In Australia, almost three million people – 14% of the population – have been forced to evacuate or have their homes destroyed or damaged.
Fires that affected, directly or indirectly, a very large part of the country. Three-quarters of Australians, nearly 18 million people, have been affected by the forest fire crisis, according to a study published Tuesday, February 18.
This survey, conducted by the Australian National University, shows the human scale of these fires that burned for five months, killing more than 30 and destroying several thousand homes.
Almost all Australians have been affected by these fires and many of us will suffer the consequences in the years to come.
This study, conducted among 3,000 people, shows that 14% of the adult population, or nearly three million inhabitants, has been directly affected by this crisis. They were forced to evacuate or saw their homes destroyed or damaged. Some 15 million Australians were indirectly affected by these fires, due to the toxic smoke they emitted or the vacation plans they had to change.
This size, which surprised the researchers, should be of concern to the government. Australian authorities are accused of failing to provide the right answers to the crisis, and of little concern about issues related to climate change. Scientists say global warming has exacerbated the seasonal fire crisis, fueled by particularly hot and dry weather in recent months on the huge island continent.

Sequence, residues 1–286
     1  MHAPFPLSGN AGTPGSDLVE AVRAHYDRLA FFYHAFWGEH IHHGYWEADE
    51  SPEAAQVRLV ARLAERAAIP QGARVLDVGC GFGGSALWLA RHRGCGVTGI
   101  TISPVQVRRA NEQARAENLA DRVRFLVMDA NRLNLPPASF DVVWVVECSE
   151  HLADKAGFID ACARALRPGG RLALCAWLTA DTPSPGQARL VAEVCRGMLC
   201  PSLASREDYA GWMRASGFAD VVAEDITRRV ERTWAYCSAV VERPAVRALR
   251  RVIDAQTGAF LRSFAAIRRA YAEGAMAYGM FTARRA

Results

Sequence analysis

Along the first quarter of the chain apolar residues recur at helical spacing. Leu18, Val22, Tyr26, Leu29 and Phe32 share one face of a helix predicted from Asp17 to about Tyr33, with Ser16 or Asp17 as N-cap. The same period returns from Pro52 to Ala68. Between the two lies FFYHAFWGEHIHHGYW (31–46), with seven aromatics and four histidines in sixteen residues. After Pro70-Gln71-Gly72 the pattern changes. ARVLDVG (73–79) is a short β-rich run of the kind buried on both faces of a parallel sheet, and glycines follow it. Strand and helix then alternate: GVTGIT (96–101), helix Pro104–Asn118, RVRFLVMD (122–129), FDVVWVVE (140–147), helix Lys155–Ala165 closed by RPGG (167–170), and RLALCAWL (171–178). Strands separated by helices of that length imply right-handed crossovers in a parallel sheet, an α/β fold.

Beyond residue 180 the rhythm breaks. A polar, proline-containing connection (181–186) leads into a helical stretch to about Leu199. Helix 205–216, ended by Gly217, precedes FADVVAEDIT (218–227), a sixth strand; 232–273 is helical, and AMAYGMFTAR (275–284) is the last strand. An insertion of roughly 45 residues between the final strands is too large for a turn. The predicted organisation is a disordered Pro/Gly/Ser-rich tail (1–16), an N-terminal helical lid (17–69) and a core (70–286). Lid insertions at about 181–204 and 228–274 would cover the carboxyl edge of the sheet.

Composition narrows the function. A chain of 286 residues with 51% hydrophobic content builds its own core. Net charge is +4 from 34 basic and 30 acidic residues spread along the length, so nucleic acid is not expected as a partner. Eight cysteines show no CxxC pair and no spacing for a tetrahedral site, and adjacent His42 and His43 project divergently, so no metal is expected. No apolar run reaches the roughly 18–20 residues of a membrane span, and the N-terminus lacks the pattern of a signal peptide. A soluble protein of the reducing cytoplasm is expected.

Conservative Prime Minister Scott Morrison has been criticized for going on vacation to Hawaii in the midst of the crisis, and for refusing to further reduce greenhouse gas emissions.
Only 27% of those surveyed said they had confidence or very much confidence in their government. It is one of the biggest declines in confidence I have ever seen in such a short time.
The government is a staunch supporter of the very powerful and lucrative Australian mining industry. Among those who voted in favor of the government in the last legislative elections in May, support for the construction of new coal mines fell to 57% in January, compared to 72% before the fire crisis.